The Counterintuitive Magic of Follow-Through
What do Noble Peace Prize Winner Malala Yousafzai and tennis champion Roger Federer’s backhand have in common? They are both, in their own unique ways, model examples of follow-through, the unsung hero of greatness. There’s the spotlight moment, but then there’s the stuff that happens afterward. In some ways, the easiest aspect of Malala’s uncompromising stance on female education is the stance itself. But if that were all it took, there would be hundreds of Malalas! The harder part is following through on that commitment, when no one is there to watch, and when her life is on the line day in and day out.
In tennis, it’s impossible for Mr. Federer to hit a winning backhand without physically connecting racquet to ball. But contact alone won’t get the job done. After racquet meets ball, Federer’s form on his follow-through becomes a crucial determinant of the ball’s ultimate destiny. (It’s a head scratcher: how can the form of a swing affect the path and distance of a ball after it has already been struck!?)
More often than not, the success of any effort relies as much or more on follow-through than the spotlight moment itself. How many of us have come up with an idea for the next game-changing app or business model? And how many of us have followed through like Zuckerberg, or Bezos, or Musk? It’s no surprise, then, that follow-through is something employers seek hungrily in potential employees. Follow-through implies consistency, commitment, and completion. And those three things are excellent indicators of success.
Future Success is a Key Applicant Attribute for Top Colleges
We have written at length about the following cycle: top colleges do their best to recruit bright, ambitious students in the hopes that they will graduate and achieve great success in their careers. But why? Successful graduates benefit schools (powerfully) through alumni donations and promoting the school brand. When graduates go on to cure diseases, win the office of Presidency, appear on talk shows as experts, write best-selling books, and so on, their alma mater’s stock goes up (by association) and the school becomes that much more desirable to would-be applicants. The better the brand name, the higher the demand. The higher the talent level of the applicant pool, the more selective a school can be. The better a school’s ability to graduate cohorts of successful classes, well, you get the picture: the cycle repeats. So, top colleges want students who are marked with success, or at least show strong signs of becoming successful. If follow-through is a key indicator, it’s something you need to understand and develop in your high school years if your goal is to attend a top school.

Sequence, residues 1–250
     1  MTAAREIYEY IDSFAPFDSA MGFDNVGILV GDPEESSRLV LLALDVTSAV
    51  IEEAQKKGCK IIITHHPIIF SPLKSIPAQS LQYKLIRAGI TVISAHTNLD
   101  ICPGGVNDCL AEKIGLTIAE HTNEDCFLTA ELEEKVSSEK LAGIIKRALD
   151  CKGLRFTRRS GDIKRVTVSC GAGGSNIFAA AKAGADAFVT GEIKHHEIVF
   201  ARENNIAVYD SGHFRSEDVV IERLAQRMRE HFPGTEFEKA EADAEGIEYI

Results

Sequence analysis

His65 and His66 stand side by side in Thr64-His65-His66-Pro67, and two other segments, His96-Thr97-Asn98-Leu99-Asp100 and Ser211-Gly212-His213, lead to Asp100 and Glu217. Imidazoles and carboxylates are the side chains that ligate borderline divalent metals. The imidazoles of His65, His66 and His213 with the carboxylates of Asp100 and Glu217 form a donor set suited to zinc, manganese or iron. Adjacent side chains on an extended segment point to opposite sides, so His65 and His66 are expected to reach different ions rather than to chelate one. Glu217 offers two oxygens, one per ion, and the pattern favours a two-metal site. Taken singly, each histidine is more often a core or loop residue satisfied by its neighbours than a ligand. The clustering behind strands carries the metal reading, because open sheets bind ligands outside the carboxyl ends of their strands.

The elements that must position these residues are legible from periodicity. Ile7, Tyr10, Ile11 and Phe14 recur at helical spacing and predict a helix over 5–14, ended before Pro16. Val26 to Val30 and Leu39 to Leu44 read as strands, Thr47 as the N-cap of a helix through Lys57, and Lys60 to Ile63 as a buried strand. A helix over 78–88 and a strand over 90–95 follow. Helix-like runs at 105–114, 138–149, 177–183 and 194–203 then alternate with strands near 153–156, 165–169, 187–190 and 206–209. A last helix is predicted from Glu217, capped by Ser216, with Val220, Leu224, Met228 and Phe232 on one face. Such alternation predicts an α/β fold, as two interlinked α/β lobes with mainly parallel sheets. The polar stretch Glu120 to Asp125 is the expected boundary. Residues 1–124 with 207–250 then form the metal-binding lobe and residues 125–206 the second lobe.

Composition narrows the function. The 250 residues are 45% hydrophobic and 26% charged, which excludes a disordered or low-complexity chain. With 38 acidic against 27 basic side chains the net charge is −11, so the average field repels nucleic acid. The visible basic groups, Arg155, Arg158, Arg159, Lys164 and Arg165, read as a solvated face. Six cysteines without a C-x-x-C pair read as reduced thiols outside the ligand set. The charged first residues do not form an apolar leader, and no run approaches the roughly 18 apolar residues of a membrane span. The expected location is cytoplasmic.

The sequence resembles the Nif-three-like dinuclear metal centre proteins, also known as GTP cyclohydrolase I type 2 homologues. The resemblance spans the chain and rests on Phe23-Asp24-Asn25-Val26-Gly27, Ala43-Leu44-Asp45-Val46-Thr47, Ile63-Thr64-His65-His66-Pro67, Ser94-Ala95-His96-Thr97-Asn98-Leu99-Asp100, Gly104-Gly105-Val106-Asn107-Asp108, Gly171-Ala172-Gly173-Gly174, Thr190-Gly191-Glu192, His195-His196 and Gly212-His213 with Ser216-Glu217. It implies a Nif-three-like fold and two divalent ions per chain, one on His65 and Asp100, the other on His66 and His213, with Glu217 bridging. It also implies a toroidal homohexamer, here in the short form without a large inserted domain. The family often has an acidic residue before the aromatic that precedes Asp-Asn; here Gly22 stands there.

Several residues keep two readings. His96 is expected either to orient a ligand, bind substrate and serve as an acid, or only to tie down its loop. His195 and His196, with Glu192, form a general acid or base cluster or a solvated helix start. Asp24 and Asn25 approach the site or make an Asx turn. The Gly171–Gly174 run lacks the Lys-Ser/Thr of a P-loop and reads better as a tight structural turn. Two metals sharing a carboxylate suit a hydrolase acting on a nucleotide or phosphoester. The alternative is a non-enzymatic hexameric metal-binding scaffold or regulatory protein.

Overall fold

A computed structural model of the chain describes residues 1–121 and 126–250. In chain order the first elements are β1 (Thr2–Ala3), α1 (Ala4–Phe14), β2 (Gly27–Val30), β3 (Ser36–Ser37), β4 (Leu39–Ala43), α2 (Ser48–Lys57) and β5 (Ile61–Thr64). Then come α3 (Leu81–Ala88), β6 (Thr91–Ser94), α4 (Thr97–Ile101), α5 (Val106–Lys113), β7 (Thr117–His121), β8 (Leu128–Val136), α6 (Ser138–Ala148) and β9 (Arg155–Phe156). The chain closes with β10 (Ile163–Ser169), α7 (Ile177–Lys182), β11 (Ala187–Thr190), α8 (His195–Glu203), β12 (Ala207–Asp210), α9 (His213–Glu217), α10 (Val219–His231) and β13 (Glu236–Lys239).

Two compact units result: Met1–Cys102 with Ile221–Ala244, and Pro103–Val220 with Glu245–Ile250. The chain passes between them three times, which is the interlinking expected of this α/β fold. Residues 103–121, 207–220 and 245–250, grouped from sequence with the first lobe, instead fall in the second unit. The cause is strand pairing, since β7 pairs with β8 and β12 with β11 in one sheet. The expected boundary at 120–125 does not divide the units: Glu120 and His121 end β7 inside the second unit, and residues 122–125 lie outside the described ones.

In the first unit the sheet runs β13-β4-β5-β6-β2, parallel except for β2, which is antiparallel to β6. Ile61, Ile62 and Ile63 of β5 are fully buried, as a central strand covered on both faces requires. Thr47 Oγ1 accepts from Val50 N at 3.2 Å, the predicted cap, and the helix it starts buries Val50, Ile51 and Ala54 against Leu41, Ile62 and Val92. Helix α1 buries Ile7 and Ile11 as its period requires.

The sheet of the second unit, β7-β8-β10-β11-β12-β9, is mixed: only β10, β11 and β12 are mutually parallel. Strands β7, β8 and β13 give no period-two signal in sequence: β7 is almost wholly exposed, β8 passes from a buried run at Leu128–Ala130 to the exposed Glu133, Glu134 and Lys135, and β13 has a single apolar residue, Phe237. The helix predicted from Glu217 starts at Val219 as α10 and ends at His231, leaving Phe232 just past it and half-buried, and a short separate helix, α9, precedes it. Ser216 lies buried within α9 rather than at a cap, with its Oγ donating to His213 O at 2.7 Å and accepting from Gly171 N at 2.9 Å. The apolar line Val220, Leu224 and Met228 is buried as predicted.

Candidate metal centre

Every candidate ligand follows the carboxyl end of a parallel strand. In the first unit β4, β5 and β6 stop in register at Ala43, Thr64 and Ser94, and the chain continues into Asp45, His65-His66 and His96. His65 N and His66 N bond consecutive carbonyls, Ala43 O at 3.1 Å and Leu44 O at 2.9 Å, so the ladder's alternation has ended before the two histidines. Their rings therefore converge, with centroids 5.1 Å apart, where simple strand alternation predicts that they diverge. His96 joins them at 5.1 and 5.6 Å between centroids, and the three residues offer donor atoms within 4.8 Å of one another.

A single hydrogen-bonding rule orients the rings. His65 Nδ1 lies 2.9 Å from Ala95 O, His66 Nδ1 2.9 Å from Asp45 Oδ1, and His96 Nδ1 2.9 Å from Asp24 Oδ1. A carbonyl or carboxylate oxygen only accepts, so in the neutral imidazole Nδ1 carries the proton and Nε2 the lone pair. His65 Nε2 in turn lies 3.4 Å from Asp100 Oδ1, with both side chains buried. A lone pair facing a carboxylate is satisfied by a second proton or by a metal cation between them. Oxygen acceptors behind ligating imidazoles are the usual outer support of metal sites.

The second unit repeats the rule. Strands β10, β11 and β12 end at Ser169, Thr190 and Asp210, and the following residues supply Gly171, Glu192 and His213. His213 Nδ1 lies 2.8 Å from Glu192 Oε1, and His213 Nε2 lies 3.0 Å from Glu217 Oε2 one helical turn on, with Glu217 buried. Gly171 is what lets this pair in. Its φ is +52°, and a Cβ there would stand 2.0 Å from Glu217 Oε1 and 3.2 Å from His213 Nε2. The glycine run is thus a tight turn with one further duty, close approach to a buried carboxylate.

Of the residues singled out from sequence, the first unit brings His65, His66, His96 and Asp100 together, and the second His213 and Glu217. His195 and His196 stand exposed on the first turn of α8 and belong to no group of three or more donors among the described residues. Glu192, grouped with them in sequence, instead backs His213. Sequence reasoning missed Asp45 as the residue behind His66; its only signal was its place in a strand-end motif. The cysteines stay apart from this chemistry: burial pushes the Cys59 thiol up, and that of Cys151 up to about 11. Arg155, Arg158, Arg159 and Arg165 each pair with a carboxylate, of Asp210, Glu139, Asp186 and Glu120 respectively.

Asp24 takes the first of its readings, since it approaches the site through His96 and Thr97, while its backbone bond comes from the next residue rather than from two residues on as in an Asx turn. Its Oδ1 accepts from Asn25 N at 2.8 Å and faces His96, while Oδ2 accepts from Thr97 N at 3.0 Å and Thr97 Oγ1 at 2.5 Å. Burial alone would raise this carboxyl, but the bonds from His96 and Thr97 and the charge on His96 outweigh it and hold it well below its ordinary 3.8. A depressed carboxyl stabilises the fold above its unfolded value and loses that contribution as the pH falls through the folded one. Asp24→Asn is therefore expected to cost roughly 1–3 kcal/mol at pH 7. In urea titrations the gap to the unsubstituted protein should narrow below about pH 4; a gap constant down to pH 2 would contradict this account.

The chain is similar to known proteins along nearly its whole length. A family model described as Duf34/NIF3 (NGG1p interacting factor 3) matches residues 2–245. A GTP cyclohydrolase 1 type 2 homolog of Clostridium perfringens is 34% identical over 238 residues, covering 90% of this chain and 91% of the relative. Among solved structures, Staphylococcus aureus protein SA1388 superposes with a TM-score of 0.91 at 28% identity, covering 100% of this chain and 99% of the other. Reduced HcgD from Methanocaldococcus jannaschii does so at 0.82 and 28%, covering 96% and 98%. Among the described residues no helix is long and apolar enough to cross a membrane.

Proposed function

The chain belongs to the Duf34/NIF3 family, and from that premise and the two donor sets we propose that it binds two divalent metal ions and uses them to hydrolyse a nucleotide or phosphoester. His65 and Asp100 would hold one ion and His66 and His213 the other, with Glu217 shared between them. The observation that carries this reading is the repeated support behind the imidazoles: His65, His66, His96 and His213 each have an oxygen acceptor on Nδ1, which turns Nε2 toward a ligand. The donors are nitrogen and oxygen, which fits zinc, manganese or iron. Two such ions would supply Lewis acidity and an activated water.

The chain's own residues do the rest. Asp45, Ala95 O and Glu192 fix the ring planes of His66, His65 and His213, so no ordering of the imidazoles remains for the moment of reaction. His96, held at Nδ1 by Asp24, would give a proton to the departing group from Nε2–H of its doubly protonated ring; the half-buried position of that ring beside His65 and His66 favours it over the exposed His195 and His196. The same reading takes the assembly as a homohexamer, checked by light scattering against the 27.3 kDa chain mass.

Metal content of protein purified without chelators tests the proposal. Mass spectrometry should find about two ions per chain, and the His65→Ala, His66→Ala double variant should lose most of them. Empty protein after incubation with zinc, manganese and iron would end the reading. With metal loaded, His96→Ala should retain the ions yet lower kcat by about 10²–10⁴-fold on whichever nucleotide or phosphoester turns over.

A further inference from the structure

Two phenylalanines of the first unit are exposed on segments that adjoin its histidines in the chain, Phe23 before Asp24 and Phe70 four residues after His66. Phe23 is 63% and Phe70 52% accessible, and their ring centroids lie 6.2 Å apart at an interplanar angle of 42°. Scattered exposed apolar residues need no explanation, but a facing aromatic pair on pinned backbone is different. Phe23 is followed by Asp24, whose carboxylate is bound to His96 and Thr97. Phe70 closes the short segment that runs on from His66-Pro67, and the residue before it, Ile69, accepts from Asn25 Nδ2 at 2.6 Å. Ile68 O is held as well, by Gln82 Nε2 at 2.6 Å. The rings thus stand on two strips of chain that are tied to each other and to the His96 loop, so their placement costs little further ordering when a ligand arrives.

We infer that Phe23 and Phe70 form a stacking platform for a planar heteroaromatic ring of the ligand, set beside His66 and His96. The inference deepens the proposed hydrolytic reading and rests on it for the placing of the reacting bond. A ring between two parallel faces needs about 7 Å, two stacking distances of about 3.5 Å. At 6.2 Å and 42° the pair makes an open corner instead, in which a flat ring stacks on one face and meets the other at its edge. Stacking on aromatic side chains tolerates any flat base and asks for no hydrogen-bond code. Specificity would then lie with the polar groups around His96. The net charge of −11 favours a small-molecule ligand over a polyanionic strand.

But What Exactly is Follow-Through?
At its simplest level, follow-through is promise fulfillment. Suppose you commit to mowing the lawn. Perhaps you get points simply for volunteering to do the job, but the value of that gesture will fade until the lawn is actually cut. But let’s take a look at another example. A surgeon completes an epic operation, patient is saved, families and friends rejoice, the doctor is figuratively a lifesaver. But is the job truly done? What if the very next day the patient’s condition were to deteriorate due to improper post-op management? In this example, follow-through requires a deep understanding of where to place the goal post: not at successful surgery, but at full recovery. Sure, a successful operation is a critical step on the path to recovery, but by itself isn’t enough. This is where most folks get it wrong: mistaking shinier, early-stage milestones for a more meaningful prize. Folks who exhibit patterns of follow-through tend to understand all the ingredients required for success, and not just some. Follow-through is not only a mark of dependability, but also, an indicator of success.
So, where can schools find evidence of this on a college application?
Here are a few examples:
- Sports: being involved for four years (bonus points for upward trajectory along the way, JV to Varsity, becoming team captain, becoming All-State)